"The risk that the Russian government, whether acting on its own or in collaboration with Kaspersky, could capitalize on access provided by Kaspersky products to compromise federal information and information systems directly implicates US national security".
Kaspersky products accounted for about 5.5 percent of anti-malware software products worldwide, according to research firm Statista.
DHS said in a statement Wednesday that Russian law allows Russian spy agencies to compel assistance from Kaspersky and to intercept communications transiting Russian networks. The US General Services Administration removed Kaspersky from its approved vendor list in July, and the US Senate is due to vote this week on prohibiting the use of its software by government departments.
The U.S. government has been given one month to map their use of Kaspersky products and three months to begin their removal, the U.S. Homeland Security Department (DHS) said in an online statement on Wednesday.
On Wednesday, the US government declared that federal agencies must identify a popular brand of security software on their networks and prepare a plan to remove it because of its creator's potential ties to Russia's cyberespionage activities.
A committee aide said that the hearing will examine risks that Kaspersky products pose to USA information systems.
"No credible evidence has been presented publicly by anyone or any organisation as the accusations are based on false allegations and inaccurate assumptions, including the claims about Russian regulations and policies impacting the company". The US government believes the antivirus firm has been colluding with the Russian government. Kaspersky expressed disappointment at the United States decision and claimed the company was being used as a pawn in a political game. The Defense Department does not use Kaspersky products anyway, as officials explained. It said Thursday that it will continue to get its product to customers "through its website and other prominent retailers".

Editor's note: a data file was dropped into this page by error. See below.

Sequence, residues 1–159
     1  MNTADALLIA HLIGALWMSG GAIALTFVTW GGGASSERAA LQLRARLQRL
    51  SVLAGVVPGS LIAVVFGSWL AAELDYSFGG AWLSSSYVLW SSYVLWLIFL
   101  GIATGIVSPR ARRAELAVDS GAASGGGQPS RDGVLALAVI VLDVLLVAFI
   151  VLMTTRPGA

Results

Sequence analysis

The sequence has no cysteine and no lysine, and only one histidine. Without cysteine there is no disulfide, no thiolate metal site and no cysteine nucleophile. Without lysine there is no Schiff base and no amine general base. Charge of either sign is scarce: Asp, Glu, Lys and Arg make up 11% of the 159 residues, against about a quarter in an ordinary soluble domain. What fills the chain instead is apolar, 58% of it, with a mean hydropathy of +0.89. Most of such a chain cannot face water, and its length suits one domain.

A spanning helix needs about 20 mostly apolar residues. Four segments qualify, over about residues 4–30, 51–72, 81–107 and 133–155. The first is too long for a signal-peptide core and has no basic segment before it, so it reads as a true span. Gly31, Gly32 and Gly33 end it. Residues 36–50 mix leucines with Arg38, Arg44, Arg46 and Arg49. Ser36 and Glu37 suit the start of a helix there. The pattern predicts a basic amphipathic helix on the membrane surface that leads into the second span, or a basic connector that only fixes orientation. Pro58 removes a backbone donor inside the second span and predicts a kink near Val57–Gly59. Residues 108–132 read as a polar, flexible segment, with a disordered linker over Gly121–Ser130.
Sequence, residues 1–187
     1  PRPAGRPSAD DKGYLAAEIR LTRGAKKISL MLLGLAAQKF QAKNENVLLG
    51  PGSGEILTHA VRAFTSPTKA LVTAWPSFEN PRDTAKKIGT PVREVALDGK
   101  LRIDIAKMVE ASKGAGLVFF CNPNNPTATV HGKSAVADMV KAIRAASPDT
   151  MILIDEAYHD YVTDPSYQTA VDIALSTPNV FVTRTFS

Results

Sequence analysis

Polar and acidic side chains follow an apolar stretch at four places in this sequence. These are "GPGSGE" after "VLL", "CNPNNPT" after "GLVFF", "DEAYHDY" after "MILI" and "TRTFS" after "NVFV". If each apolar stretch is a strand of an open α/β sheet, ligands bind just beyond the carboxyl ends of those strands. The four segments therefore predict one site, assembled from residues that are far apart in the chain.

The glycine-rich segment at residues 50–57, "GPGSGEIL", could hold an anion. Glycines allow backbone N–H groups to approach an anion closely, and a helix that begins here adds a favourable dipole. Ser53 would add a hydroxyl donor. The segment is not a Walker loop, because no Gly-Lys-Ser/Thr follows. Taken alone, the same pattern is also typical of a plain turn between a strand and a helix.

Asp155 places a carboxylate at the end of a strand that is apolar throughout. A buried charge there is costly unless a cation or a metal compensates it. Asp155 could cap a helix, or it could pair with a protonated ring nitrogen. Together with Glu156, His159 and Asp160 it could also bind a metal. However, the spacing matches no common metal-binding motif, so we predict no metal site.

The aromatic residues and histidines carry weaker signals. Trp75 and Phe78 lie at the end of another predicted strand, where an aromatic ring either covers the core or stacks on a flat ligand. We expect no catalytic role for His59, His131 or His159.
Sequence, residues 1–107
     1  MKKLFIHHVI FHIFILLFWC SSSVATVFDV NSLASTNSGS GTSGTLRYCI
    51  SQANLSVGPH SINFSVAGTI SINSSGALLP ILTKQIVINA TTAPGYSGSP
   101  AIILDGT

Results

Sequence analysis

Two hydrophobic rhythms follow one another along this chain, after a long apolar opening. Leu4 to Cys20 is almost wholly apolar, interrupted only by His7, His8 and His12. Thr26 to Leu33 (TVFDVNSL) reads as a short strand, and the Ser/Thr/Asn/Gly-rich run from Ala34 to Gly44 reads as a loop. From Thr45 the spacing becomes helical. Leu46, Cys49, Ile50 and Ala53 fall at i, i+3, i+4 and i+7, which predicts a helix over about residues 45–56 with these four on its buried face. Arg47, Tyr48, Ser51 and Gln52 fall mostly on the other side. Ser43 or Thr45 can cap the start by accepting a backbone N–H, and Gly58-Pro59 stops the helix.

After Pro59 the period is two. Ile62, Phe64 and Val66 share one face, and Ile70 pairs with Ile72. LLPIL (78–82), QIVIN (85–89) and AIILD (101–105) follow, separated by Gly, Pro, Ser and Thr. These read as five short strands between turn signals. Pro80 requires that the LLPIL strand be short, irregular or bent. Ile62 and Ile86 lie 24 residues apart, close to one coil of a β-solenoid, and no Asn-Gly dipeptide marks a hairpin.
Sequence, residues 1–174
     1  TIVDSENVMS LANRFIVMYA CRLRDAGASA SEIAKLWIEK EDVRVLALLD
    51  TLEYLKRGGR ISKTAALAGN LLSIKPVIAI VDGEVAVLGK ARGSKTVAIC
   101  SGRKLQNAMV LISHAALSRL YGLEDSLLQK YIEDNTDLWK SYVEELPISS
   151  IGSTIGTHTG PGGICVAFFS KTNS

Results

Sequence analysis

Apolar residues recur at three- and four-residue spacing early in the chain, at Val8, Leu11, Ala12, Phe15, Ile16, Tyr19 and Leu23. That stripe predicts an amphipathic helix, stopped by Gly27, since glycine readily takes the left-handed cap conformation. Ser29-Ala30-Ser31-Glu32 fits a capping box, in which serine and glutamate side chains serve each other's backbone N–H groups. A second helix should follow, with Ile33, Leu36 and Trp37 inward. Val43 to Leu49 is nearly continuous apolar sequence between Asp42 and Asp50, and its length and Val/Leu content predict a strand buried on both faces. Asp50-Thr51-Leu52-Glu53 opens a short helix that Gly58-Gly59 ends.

Bloomberg suggested that the tools not only deflected cyber-attacks, but also captured information about the hackers launching them, to pass on to Russian intelligence services.
The anti-virus company has repeatedly denied the existence of any such ties. Democratic Sen. Jeanne Shaheen of New Hampshire has push legislation that would ban the company's products governmentwide. In the Russian embassy in the USA, the ban on using Kaspersky Anti-Virus was called a continuation of russophobia.